a day in your life

To Annie, this is how you spent the day you turned 6 years and 7 months old.

Still adjusting to the time change, you and Paul are awake by 6 and playing happily. I get ready for our day, listening to you in the background, until 6:40. You’re working on a lego village, and I help build a rainforest for the green Hatchimals while gently inserting tooth brushing and dressing into the game. You keep playing while I make breakfast, and come down when I call you at 7.

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You dig into your mango smoothie, toast, and math homework, counting by fives to total up nickels, and submit quietly to hair brushing. I have decided to do your hair brushing as long as you’ll let me—I love our gorilla grooming time. You and Paul get shoes, masks, and backpacks with relatively little prodding, and we’re off to school.

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Six-and-a-half year old Annie is a delight, and I would happily press pause here for a while. You keep on growing up, though, observing the world around you and developing new interests in things like human evolution. You’ve declared your intention to become a librarian when you grow up.

At school, it’s your third day with a substitute teacher, Miss H, whom you tolerate. She gives you worksheets, it sounds like, which you think are harder than whan Mrs. Nuncio usually has you work on. It’s a music class day, though, and you have a good time playing instruments and a game to the tune of…some song about an apple tree. Paul has the same class, and you sing together and teach me the game after dinner. Creative Action after school is the BEST, with rainbow scratch paper on which you make several solar-system-themed drawings.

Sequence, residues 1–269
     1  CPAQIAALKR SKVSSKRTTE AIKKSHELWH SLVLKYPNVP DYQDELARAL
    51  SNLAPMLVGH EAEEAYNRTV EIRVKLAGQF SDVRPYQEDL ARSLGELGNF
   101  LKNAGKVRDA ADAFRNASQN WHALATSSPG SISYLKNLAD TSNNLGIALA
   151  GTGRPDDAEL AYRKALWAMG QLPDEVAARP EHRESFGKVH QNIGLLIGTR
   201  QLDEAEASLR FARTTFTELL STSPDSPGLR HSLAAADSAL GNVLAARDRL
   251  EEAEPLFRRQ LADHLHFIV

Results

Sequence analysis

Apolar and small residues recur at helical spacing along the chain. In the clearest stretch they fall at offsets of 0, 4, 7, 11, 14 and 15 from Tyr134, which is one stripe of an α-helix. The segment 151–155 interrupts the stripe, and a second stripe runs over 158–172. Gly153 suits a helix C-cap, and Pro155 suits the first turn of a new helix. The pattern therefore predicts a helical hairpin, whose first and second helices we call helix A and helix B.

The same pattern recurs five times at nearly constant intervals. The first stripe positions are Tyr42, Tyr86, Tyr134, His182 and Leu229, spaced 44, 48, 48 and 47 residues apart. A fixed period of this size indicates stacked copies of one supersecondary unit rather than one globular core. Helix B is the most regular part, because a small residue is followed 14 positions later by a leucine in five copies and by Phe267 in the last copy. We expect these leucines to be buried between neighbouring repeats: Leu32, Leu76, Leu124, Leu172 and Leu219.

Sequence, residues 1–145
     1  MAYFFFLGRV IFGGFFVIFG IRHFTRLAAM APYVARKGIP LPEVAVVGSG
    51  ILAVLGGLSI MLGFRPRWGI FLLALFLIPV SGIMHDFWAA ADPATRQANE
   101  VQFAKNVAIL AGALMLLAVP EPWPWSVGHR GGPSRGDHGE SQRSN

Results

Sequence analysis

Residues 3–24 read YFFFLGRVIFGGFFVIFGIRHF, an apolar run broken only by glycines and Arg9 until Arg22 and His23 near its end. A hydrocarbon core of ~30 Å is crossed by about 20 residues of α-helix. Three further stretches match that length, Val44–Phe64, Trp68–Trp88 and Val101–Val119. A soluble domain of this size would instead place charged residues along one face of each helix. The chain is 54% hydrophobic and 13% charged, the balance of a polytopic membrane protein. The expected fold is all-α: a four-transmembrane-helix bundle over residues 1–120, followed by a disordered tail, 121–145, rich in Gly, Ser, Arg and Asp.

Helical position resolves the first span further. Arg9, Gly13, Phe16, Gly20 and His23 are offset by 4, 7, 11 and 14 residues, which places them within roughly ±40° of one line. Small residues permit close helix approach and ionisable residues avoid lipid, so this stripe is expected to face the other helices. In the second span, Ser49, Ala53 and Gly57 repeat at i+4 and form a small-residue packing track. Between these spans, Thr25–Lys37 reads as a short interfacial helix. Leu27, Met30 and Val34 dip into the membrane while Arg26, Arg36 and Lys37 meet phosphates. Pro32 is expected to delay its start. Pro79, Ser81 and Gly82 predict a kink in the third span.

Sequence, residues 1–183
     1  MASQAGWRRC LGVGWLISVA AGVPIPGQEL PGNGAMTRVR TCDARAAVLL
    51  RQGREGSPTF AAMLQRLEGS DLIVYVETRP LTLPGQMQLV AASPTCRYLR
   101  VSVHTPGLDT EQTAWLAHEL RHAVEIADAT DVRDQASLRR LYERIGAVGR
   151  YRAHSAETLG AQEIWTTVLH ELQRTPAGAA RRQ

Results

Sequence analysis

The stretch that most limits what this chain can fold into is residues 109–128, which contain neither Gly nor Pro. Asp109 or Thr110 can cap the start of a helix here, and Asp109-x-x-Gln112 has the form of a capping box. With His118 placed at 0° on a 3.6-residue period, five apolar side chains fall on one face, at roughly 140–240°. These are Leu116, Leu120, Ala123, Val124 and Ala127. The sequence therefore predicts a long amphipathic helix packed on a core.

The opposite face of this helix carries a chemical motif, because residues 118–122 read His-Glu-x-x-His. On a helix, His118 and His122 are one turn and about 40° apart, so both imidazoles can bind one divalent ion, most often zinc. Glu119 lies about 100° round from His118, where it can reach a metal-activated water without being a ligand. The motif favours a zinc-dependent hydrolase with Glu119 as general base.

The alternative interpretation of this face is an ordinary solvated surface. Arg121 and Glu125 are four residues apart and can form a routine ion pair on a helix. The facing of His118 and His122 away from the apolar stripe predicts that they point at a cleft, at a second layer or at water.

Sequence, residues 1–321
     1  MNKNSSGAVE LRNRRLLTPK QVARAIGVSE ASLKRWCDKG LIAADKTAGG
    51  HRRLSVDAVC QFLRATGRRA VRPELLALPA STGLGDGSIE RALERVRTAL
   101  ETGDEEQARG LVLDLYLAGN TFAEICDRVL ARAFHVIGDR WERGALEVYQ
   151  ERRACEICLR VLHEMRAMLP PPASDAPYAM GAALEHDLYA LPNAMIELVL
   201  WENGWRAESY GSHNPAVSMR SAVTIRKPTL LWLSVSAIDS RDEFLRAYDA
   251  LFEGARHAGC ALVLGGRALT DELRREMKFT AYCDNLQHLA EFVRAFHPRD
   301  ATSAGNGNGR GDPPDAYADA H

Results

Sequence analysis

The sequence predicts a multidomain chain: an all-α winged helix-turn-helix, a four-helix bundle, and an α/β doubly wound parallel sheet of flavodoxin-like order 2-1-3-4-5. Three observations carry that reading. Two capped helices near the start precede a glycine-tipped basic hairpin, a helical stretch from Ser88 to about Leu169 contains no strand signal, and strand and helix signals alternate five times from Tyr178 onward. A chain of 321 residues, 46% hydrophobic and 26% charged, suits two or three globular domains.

Pluto and Saturn, wearing winter hats because they're cold. In another drawing, Jupiter "has a look on his face" because the sun is so much bigger than him.
Pluto and Saturn, wearing winter hats because they’re cold. In another drawing, Jupiter “has a look on his face” because the sun is so much bigger than him.

I arrive at 5:15 with a baggie of blueberries and dragging feet thanks to my headcold. You and Paul take it pretty easy on me, putting us in a line to march home with all the important roles: line leader, door-holder, and line monitor who assesses and reports on the line quality with a thumbs up, sideways, or down. We get home. I have prepared nothing for dinner, and you announce your devestating hunger. I ask you to choose between corn dogs, dumplings, or a peanut butter sandwich. You select a corn dog as the “least bad” and eat it with ketchup and giant apple slices.

You and Paul do a little swinging in the dark with our backyard lanterns for extra flare, then move it to a “night bath” with lanterns perched above the tub. You declare it a peaceful space, and we all stay quiet and listen to the water.

I need a little time to clean up the house and write this post—Dad’s on a work trip—so I turn on a show. Paul selects Donkey Hodie (get it?), the latest muppet venture from the studio of Mr. Rodgers. Wholesome lessons flow. You climb up into Paul’s bed for a few pages of Harry Potter and the Goblet of Fire, which you talked Dad into starting a few nights ago. Mrs. Weasley is upset with your favorites Fred and George for throwing their lives away on dreams of a joke shop. You take it in quietly, and go to sleep quickly. Goodnight, 1st grader.

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